Alabama; 1969: The death of a clan's estranged wife and mother brings together two very different families. Do the scars of the past hide differences that will tear them apart, or expose truths that could lead to unexpected collisions?
Two Scottish sisters, one a left-wing activist, the other a popular party girl, travel to Cuba to scatter their late father's ashes. In losing and trying to reclaim their father's ashes, ... See full summary »
At his mother's funeral, stuffy bank clerk Henry Pulling (Alec McCowen) meets his Aunt Augusta Bertram (Dame Maggie Smith), an elderly eccentric with more-than-shady dealings who pulls him ... See full summary »
Louis Gossett Jr.
The film was released on June 6th, 2001, 9 days before what would've been Jim Varney's 52nd birthday. See more »
[in a neck brace]
I can't have a head-on collision in peace! I coulda been torn to pieces here.
Yeah, well, you have fun at your little nightclub?
Well, shit, we didn't get to the nightclub. We ain't but a mile from the house. We was headed that way, and J.C. bent down to pick up his Molly Hatchet tape, and we been here ever since.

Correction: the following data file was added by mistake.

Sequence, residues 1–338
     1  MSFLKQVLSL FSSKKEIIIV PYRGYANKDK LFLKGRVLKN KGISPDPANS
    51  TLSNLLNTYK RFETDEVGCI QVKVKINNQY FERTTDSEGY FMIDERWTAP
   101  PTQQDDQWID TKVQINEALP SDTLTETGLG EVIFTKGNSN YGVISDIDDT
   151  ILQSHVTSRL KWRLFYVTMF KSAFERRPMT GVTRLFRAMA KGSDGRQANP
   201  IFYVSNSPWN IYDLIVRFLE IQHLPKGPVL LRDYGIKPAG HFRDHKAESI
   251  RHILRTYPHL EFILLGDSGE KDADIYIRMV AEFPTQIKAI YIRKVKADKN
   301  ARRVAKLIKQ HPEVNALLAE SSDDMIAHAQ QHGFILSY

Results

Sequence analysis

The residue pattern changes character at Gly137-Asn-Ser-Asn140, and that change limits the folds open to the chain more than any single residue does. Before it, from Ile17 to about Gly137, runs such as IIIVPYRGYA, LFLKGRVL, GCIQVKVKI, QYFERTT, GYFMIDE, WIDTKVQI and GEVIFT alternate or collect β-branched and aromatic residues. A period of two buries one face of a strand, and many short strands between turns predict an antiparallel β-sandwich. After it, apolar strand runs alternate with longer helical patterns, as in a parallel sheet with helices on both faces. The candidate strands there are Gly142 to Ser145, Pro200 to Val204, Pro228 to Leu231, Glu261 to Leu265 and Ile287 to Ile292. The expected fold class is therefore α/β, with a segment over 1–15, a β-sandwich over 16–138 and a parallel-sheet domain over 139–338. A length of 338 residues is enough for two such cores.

See more »
What an odd little film. I expected something a little out of the ordinary, having been a fan of Billy Bob Thornton since Slingblade, and this ALMOST worked but didn't quite - ultimately let down by Thornton's inability to end the movie.
On the plus side, all the performances are good, apart from a rather hysterical turn from Brenda Blethyn, there are some nicely observed family dynamics, a few great comic lines, and the whole movie is lit brilliantly - making it visually interesting instead of potentially dull.
On the minus side, it's film you have to be patient with to discover its good qualities. The dialogue is offbeat and interesting but the plot feels like a long short-film. And then the ending... what a botched job! There's a PERFECT ending which would have made this a succinct, quite special little film. Instead Thorton goes to another scene. And another AND ANOTHER and... who knows how many, because at that point the DVD we were watching got stuck in protest and we all agreed that we'd seen the best of Daddy And Them, and that we should hit eject before we became hostile.
3 of 3 people found this review helpful.
Was this review helpful to you?
| Report this